Finally, it’s here. The new year that is, 2011. Unheralded and almost unnoticed by many who usually pay attention to such things. Indeed, you may be asking yourself, why wasn’t there much fanfare this year as the New Year approached? And the answer probably won’t surprise you. We’re tired. Yes, tired of the news (mostly bad) about the economy, congress, the president, our communities and our families. Rising foreclosures, bank failures, stops and starts of the markets, floods, snow, calamities… we’re just tired. However, this is not an article about last year. It is really about necessary goals for a new business brave enough to begin in this year, 2011.
What should a new business set as goals for 2011, in light of the current troubled economic times? First, it should decide that customer service and meeting targeted customer needs is a normal part of doing business. It is interesting to note that few businesses last for long even in “good” economic times, if the business and its employees neglect customer service. However, in “bad” times, no business will survive if a reputation of poor customer service begins to spread to future customers in the service area. This may not mean that a business will go under right away, but it could spell poor profits and little to no repeat business.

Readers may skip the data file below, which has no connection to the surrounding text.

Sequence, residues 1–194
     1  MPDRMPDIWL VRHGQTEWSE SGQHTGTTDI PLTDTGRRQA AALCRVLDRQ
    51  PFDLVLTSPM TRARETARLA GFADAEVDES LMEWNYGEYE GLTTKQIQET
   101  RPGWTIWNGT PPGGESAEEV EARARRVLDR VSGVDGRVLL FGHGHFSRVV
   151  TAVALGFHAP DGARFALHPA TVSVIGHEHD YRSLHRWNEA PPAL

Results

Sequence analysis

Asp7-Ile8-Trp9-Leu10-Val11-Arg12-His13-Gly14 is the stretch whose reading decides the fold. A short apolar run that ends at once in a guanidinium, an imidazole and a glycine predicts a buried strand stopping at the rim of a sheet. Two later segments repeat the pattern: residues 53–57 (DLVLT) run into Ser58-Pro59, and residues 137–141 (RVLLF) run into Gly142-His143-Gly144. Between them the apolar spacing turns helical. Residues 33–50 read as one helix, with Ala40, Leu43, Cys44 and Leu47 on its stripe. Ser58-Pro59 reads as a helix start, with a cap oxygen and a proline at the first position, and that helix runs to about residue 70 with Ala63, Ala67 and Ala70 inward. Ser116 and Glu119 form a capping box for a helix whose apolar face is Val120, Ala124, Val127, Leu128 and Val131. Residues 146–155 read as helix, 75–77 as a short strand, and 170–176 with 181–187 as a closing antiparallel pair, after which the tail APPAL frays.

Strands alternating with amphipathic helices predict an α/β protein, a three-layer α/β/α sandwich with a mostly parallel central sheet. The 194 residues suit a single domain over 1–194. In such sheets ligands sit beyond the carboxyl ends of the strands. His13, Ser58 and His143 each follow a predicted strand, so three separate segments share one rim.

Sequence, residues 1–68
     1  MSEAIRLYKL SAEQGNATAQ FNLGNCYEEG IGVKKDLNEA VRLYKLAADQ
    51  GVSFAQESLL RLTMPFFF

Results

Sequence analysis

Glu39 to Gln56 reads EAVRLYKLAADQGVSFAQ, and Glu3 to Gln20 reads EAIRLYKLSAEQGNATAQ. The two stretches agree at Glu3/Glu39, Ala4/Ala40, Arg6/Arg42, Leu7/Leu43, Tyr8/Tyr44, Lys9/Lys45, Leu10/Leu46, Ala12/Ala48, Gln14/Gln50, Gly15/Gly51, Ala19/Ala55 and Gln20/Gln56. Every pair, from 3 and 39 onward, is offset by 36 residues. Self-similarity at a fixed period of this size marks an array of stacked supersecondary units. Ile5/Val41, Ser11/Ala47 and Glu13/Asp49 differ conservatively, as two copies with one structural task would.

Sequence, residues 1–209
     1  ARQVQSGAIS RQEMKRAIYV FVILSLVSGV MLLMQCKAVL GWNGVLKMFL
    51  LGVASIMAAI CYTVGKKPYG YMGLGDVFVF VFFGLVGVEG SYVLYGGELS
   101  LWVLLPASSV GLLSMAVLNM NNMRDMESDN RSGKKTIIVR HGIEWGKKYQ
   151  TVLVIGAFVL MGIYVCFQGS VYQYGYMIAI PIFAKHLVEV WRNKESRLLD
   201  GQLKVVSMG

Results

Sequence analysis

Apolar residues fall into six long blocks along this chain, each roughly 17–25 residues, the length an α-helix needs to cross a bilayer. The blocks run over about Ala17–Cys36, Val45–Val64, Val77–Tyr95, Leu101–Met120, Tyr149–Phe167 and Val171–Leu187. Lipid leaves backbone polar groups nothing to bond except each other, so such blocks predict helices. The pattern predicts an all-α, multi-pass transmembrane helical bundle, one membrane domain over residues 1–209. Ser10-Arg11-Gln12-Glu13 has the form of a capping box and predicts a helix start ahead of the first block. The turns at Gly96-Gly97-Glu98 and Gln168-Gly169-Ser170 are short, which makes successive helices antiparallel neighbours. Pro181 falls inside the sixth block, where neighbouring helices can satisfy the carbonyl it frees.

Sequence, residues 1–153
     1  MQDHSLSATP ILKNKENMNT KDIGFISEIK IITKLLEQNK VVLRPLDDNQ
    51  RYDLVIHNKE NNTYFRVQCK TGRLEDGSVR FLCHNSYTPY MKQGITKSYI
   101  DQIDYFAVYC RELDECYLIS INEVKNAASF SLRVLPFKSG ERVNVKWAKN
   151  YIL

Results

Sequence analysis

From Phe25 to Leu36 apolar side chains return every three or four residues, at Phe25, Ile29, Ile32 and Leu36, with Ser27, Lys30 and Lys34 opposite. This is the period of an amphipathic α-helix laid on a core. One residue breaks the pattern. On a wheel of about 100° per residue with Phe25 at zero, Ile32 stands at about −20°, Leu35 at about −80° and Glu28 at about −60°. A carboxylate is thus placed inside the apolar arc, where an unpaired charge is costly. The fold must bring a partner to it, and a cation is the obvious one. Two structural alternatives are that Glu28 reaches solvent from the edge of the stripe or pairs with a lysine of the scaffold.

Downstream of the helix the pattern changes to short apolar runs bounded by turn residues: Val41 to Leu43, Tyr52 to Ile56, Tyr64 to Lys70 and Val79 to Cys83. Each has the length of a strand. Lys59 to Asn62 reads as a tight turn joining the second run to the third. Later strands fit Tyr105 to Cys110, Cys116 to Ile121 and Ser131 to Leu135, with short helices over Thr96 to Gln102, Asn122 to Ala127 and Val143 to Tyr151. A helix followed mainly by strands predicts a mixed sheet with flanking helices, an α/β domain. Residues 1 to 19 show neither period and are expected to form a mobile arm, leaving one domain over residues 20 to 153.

Another goal for a new business in 2011, is to decide on one business model and stick with it for a period of time while counting the costs of changing models in mid stream. Yes, current wisdom today screams that “flexibility” is a necessary component of the ability to stay in business. But here are some areas in which you really ought to avoid flexibility. 1) Avoid giving your employees the impression that flexibility includes being ungrateful for their input to the business on a daily basis; 2) You may also want to avoid giving your customers the feeling that your corporate ethics are flexible to such an extent that your guarantees are not able to be relied on from one sales campaign to another; and finally (for this discussion), 3) you should avoid appearing flexible when it comes to support of the local economy. With regard to element number three (3), it might be helpful to note that communities are more and more sensitive to whether a local business is a community team player. The notion that businesses are members of the community has taken quite a hit in recent years, but it is really becoming a part of the way consumers evaluate their loyalty over the long-term when it comes to whether they will give your repeat business.
A final goal, which may not seem important today, is to set regular sales targets and really track whether you are meeting them, once your sales campaign begins. The importance of sales targets cannot be overlooked for new businesses for the simple reason that a measurement of business success in the long run is going to be whether you brought in more money than you spent on the business. This after all is probably the most important of all the goals, if a new business in 2011 plans to be around in 2012.